It takes about three paragraphs to decide whether or not I’m going to buy that novel I just mindlessly picked up in the book store. Sometimes I’ll read the entire first chapter if I’m still on the fence, but those are rare occasions. Nine times out of ten, I’ve made my decision by the end of that third paragraph.
That means the writer has three paragraphs to present an interesting premise, a strong voice, and a character I’m willing to spend 200+ pages with. And maybe that sounds like an impossible standard to meet, but I’ve bought more books than I can fit in my house.
Three paragraphs is more than enough space. Hell–I’d say I’m even being pretty generous by reading that much. I’ve met pickier readers who only went by the first paragraph. There was a particularly tough event my old writers group offered where we’d critique and rank our interest level based completely on the first sentences of each others stories (which was ridiculous in hindsight, because it actually is pretty impossible to get a solid impression from just one sentence).
Point is, you have a very limited window to grab a readers attention, so a strong opening is indispensable.
In my old writers group, we learned a little checklist for things our opening paragraph(s) should contain and accomplish. I don’t have the damn thing memorized anymore, but it went a little something like this:
- Introduce your protagonist, preferably by name
- Introduce immediate conflict and foreshadow larger conflict
- Introduce your setting
- Don’t open with a dream
- Actually. Just don’t open with your character waking up at all
- Also. No flashbacks.
- And don’t open with dialogue
- AND FOR FUCK’S SAKE DON’T TALK ABOUT THE WEATHER THAT’S SO BORING OMFG
The list I learned was a lot longer than that, but that’s the gist of it. Aaand now you can go ahead and forget you read any of that, because I personally think it’s stupid to put any sort of limitations on a person’s creativity. You wanna start with dialogue or a full weather report? Go ahead.
The novel I’m writing now begins with a flashback to an out-of-narrative monologue, then jumps into the main character’s point of view on the second page. My main character goes nameless through the majority of the novel.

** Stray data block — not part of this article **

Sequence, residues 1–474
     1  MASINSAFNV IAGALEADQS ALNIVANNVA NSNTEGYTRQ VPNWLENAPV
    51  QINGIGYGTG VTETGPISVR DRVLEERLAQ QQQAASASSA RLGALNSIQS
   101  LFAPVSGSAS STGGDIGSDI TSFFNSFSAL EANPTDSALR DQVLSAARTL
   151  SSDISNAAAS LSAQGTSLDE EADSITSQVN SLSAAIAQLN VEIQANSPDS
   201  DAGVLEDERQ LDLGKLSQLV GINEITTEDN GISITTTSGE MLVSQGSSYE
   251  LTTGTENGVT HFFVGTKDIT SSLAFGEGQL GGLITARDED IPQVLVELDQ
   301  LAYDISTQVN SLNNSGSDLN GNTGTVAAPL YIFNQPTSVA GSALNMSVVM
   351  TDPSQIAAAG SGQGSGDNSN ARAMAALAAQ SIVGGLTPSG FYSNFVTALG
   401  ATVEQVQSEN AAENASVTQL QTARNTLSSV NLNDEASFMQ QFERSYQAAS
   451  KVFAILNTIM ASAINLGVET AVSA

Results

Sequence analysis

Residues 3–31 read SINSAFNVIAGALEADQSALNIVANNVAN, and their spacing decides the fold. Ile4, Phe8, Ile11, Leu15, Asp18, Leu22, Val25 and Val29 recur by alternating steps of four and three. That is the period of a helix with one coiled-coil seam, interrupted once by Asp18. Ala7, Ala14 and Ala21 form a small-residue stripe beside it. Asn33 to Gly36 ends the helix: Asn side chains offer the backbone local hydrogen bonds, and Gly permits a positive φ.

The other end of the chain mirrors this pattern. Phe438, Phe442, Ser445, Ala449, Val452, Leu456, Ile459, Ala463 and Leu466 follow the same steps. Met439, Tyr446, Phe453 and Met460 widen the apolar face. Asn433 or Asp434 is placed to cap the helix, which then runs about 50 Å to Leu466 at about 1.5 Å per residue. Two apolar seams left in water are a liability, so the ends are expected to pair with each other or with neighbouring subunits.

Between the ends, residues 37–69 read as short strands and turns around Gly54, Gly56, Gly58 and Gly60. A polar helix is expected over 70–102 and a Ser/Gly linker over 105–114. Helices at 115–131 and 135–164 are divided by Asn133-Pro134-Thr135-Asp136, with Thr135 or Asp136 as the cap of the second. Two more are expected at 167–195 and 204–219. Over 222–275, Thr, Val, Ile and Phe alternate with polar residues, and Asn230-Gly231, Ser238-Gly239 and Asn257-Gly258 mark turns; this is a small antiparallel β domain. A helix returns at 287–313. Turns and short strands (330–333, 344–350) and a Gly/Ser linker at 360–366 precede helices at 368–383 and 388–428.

Basically, I’m breaking all the rules I put so much merit in back in the day. But I’m still super confident in my opening. Why? Because I open with a punch.
So. How exactly do you open with a punch?
Voice. A strong, interesting voice catches me every time. Take a look at some of your favorite books and pick out what makes the voices unique.
Disorient me. Most of my favorites left me completely bewildered after those first three paragraphs. I’m confused. I have questions and no idea what the answers could be. I’ll probably start reading in the parking lot.
Action over explanation. Back story can almost always wait until after you have your reader on the line. It’s best to give them something to sink their teeth into before you go unloading all the lore of your world. I’ll be much more interested in (and less likely to skim) the back story if I’m already invested.
Seriously. Action. It’s important. Like I said, you can start your story however you want, but boring
content will always be boring content. You wanna open your novel by
talking about the weather? That’s fine. But it’s only interesting to
read about if it’s something out of the ordinary. The blizzard of the
century. A damn meteor shower. Something I can’t just walk outside and look at.
Give me an existential crisis. This one might be specific to me, but I have quite a few favorites that, instead of starting with action, use their openings to scare the shit out of me with some horrifying theory or observation.
Of course, these are just a few ways you can punch your reader with your opening. Play around, experiment, and write your own hooks.
Happy writing, lovelies
I don’t think there’s much more to be said here! Great advice.
It’s okay to break the rules. I try to capture attention in the first sentence.
I agree! A good first sentence can make a reader interested. But a great first sentence is what makes the difference between a hook and something that may or may not keep their interest.
Thanks for the input!